Lisa and I spent several hours at a car dealer this evening, in a huge waste of everyone’s time. I hadn’t planned for it to be a waste of time. If they had what I was looking for and we could come to an agreement on price, I was ready to buy. Unfortunately (or maybe not, for me), the car dealer games cost them a sale.
The first price they came up with — after leaving us cooling our heels for a bit too long — was, of course, ridiculous. Less than blue book trade value for my current truck against retail for the new one. Now my ’03 Sport Trac is a pretty desirable model in great shape with low mileage, good tires and a nice aftermarket in-dash nav system and backup camera. It’s going to sell quickly and without a lot of time or money spent cleaning it up.Â We politely declined, and it was time for Round 2. I told the guy we were several thousand dollars apart, and gave him a number I thought was more fair… from which Lisa then suggested we trim another couple thousand. Half an hour or so later, we get the answer; it’s still a couple thousand higher than Lisa’s figure.
By this time I’d had enough time to think about what we were doing about that I had pretty much talked myself out of buying that truck — at any price. It lacked a few options I really wanted, and had a few I specifically did not want. By the time we finally decided we were done and asked for the keys to my truck (which had disappeared, of course) the sales manager made a last ditch effort to get us to take it for a thousand under even Lisa’s number, which I thought was pretty low anyway. Sorry, too late.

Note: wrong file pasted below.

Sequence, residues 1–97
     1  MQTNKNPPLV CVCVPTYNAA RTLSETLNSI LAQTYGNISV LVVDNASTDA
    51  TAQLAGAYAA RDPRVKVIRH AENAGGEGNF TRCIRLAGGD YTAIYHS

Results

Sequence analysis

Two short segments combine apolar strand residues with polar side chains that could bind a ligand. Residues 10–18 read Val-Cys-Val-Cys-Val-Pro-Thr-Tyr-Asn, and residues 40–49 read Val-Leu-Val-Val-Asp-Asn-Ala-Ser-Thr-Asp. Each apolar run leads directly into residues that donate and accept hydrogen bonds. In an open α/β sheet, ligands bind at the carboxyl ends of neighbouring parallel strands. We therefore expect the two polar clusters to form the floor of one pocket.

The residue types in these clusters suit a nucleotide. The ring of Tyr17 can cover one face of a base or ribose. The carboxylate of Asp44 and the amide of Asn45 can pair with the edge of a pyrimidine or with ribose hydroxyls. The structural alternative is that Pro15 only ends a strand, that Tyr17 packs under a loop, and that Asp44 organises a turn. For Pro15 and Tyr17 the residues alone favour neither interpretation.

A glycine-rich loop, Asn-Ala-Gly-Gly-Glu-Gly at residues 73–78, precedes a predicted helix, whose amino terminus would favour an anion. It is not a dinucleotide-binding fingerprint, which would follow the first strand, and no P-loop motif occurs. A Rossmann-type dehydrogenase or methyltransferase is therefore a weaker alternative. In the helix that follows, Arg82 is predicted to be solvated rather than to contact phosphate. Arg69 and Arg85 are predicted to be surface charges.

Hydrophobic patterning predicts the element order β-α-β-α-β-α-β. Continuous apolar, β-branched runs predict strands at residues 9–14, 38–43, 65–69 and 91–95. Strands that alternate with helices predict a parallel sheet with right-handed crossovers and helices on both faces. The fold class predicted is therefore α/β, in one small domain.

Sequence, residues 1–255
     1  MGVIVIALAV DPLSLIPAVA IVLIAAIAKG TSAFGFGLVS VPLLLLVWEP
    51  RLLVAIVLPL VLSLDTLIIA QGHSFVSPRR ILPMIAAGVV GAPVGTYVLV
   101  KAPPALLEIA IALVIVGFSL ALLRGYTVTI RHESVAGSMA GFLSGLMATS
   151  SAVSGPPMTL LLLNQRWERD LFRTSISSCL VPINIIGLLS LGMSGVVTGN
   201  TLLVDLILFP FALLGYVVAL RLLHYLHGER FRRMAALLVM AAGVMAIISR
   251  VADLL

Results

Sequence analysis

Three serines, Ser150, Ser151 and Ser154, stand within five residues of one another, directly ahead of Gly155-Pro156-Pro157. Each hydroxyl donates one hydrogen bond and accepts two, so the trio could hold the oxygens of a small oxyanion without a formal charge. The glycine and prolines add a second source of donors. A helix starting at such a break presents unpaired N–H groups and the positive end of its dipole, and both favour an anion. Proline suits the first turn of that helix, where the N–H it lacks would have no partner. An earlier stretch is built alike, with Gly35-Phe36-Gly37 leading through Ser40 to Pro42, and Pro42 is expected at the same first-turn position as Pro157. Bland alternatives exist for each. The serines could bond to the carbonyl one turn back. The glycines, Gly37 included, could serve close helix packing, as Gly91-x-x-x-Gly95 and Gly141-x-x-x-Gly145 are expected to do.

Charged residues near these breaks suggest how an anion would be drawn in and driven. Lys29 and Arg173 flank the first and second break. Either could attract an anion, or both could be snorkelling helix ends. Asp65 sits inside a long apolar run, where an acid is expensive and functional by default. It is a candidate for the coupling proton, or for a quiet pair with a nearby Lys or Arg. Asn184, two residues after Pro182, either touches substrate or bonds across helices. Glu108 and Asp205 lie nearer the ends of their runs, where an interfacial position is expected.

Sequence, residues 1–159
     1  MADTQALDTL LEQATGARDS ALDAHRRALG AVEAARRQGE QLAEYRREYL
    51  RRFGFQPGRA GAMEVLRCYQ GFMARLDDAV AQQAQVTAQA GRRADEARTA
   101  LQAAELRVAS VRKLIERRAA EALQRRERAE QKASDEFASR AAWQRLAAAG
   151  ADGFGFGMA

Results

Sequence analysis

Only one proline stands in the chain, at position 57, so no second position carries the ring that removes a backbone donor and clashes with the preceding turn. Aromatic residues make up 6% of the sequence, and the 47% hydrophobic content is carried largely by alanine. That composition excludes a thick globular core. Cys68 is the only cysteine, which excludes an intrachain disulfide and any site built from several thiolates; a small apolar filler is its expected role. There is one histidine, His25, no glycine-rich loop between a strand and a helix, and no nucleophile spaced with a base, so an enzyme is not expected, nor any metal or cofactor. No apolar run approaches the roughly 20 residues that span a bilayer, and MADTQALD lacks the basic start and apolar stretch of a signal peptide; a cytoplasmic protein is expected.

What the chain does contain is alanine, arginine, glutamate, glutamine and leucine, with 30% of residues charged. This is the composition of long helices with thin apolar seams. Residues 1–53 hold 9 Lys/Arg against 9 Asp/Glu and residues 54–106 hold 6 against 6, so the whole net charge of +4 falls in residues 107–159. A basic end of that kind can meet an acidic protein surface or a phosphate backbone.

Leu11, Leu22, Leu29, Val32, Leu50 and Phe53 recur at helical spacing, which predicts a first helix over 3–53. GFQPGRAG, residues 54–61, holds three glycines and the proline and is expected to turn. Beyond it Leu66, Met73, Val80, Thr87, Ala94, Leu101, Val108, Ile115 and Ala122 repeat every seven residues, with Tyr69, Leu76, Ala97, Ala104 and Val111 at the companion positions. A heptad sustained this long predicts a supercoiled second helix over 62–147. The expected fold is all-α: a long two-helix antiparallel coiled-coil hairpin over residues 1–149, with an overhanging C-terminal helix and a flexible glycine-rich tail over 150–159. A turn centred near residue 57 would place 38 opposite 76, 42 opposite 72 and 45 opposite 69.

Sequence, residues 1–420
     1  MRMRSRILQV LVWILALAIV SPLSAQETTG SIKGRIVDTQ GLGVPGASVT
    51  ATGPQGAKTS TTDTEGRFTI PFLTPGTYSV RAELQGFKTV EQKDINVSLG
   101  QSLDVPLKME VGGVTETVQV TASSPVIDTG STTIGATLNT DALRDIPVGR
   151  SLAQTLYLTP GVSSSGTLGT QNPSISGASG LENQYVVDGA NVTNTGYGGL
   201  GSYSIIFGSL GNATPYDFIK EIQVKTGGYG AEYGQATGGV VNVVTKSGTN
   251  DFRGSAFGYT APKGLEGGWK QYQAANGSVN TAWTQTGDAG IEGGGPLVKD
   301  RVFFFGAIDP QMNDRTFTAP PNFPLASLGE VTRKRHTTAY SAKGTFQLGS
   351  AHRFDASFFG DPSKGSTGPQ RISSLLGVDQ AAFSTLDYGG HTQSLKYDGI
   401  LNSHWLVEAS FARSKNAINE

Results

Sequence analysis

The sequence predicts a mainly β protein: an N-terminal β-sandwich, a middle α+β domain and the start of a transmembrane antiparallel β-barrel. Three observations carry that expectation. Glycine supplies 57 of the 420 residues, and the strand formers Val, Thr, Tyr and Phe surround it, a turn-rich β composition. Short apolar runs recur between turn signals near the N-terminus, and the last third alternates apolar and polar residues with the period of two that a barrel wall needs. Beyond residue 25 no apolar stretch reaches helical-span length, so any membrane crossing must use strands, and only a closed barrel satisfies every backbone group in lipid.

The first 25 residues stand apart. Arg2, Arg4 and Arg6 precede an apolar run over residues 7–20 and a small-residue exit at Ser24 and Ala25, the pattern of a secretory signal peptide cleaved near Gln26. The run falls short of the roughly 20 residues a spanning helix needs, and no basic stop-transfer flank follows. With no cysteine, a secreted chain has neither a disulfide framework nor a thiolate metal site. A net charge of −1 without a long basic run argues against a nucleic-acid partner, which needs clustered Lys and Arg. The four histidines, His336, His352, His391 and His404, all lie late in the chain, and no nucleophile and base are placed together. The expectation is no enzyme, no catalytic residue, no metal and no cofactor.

If we’d been able to dispense with the idiotic games, if we hadn’t been left waiting on negotiations for so bloody long, we might have considered taking a truck home with us. The guy could have come up with an offer a thousand or even two higher than their last offer, right off the bat, and we might have done the deal. Maybe. I would have regretted it later, but they’d have made a sale, and it still was a very nice truck. Problem was, they felt the need to play the kind of stupid games that have given car dealers a bad name. And we’ve seen it all before and recognize all of it for the nonsense it is:
- “I’m going to lowball you and see if you’re stupid enough to fall for it.” No, we’re not stupid – and this is not an impulse purchase.
- “I have to run this past my manager.” Yeah, right. If you can’t make a deal, then kindly get out of my way and get me someone who can.
- “This truck is going out on a dealer trade so we’re not supposed to sell it to you… but we will, but you have to buy it tonight or it will be gone in the morning.” Sorry, not buying that story. You’re either lying to me, or reneging on another deal. Either one is a very unattractive trait in a dealer.
- “Oh, Ford financing is expensive, we’ll hook you up with a great loan rate, probably under 6%.” Um. ‘Scuse me? Ford was at that time offering 0% financing for 60 months, PLUS $1000 cash allowance, PLUS a five-year extended powertrain warranty. What, you didn’t know about that? You’re supposed to be a Ford salesman and you are unaware of that? Wait, this is another test to see if we’re stupid, right?
We walked in around 4 PM and didn’t get out of there until well after 7. By that time I was tired and hungry, Lisa was about ready to fall over, and they had managed to convince me not to buy the very nice truck we’d driven. And quite frankly, the whole experience pushed them down a couple of notches on my list of places I would buy from.
I’m going to give the next guy a 2-minute rundown of the stuff I am no longer willing to put up with, under any circumstances, and see if he still wants to deal. No running off to the manager — if I’m in a chair more than 5 minutes without a warm body with a number on the other side of the desk, I’m out the door. Make a deal or find me someone who can. I don’t pay sticker price, I don’t take lowball trade offers, and please don’t piss on my foot and tell me it’s raining.